That method of learning continues to the present, where Dodge also plays trombone in a spring semester concert band.
Instead of a CD, members of the band can email him audio files of his part that he can access on his phone.
Dodge said he has a “decent memory,” but he wouldn’t call himself “an elephant.”
“Memorizing music parts are kind of second nature for me, and I have a musical ear,” Dodge said. “I listen to talent competitions on TV, and I analyze it from a music theory point of view what that person does.
“The moment somebody sings a note out of tune, it hurts my ears. That’s why I like ‘The Voice,’ because they let only people who can sing well on that show.”
Dodge learns his front ensemble parts just by directors or other ensemble members telling him what part of the song the strikes occur and on which instrument.
“They’ll me that I have a bass drum and gong hit at measure five … so it’s really not that hard to get since there aren’t different notes,” Dodge said. “In the second show of my freshman year, one of our new graduate assistants told me that I had a ‘bong’ hit at measure five.
“I was thinking, ‘Wait, I didn’t realize it was that kind of show, whoa.’ I mean the song was, ‘Saturday Night’s Alright For Fighting,’ by Elton John, so I wasn’t sure. He clarified that a ‘bong’ hit meant bass drum and gong. There’s usually more of an effect when you hit them together.”
Oliver Molina, assistant director of bands and leader of percussion, said Dodge is a valuable member of the front ensemble, which includes stationary percussion instruments that are too big to march with like xylophones and marimbas.
“Greg is a fun guy who will tell you about his love of football,” Molina said. “He definitely adds a sense of humor to the group and adds musical impact to the show.”
Back at Grant High School, Dodge contemplated marching with the band. But he settled for being a front ensemble member on the field and playing trombone in the stands.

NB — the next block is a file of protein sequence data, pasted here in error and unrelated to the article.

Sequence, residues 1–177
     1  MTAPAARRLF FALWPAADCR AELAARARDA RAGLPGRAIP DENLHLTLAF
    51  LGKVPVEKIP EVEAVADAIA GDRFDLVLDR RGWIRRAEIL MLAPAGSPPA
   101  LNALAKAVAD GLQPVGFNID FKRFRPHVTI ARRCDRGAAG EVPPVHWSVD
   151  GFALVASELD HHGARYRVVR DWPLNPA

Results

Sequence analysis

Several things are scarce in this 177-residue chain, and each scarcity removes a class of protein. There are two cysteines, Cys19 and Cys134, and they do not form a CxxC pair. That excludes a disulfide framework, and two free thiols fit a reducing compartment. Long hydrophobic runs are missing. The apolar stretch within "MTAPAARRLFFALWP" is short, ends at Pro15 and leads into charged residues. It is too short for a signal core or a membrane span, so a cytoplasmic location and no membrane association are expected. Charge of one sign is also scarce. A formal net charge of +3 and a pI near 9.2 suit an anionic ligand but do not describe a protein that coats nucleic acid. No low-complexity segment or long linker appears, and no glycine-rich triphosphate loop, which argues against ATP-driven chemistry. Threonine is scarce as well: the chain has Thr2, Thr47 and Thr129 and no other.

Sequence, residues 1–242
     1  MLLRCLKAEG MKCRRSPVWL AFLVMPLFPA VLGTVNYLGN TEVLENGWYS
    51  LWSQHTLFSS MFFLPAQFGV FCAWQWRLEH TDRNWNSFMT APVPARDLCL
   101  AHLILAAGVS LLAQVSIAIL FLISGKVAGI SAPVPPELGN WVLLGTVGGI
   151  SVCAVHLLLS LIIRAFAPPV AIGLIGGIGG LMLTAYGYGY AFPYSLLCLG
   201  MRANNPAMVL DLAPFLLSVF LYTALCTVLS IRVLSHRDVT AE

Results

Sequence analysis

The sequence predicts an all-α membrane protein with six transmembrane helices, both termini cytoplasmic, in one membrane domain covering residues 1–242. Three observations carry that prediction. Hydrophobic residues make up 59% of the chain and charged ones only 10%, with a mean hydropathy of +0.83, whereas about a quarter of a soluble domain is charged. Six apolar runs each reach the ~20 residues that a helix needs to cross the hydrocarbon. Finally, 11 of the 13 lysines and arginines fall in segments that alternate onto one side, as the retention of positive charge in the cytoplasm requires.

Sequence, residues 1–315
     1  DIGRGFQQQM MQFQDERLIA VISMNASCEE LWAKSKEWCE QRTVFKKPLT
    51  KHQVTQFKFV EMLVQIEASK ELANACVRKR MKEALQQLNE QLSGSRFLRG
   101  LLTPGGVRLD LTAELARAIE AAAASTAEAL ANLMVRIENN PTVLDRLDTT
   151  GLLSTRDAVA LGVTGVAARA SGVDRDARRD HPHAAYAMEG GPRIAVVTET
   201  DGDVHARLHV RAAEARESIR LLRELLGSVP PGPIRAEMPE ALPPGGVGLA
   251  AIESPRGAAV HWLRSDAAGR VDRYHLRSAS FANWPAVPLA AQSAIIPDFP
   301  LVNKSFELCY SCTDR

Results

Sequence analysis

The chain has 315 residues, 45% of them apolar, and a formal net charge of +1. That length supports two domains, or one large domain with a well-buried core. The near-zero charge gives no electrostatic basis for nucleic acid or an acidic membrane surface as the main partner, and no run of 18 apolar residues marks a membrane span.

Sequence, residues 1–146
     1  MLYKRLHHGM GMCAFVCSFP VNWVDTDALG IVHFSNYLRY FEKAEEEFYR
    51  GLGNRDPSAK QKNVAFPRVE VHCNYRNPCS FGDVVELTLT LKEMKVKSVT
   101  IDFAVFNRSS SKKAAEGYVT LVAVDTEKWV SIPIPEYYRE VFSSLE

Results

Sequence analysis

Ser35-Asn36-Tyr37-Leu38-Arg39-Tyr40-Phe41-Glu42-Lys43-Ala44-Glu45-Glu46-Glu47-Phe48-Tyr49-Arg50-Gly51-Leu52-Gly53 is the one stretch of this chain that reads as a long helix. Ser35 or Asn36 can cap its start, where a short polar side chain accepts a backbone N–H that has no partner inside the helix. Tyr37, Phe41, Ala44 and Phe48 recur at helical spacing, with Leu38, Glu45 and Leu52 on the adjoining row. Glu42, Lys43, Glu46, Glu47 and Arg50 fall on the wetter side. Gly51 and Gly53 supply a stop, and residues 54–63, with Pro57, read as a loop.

“It is possible for blind people to march, but we had a new band director who had no experience of teaching a blind person to march,” Dodge said. “I had planned to march my senior year, but one of the (front ensemble) guys missed our last competition of my junior year.
“The band director told us to not load his stuff, but I said that I knew his part because I’ve listened to it long enough. None of it interfered with my part, so I played it. That’s the reason I decided to stay in front ensemble even into college.”
The communication major said he considered marching in college, but he didn’t think it was fair to make more than 300 other band members learn to march with a blind member.
“That’s not necessarily the easiest thing in the world, and I figured it would be a bit annoying to try to do all that,” Dodge said. “It’s too much of a hassle for me to learn to march.
“Honestly, I’m perfectly happy in the front ensemble. One of my personal beliefs is that you can never truly succeed in life by taking the easy way out. Sometimes you can make it a little easier and that’s fine, but I definitely try to challenge myself and strive for excellence. That’s not just in band but in college, too.”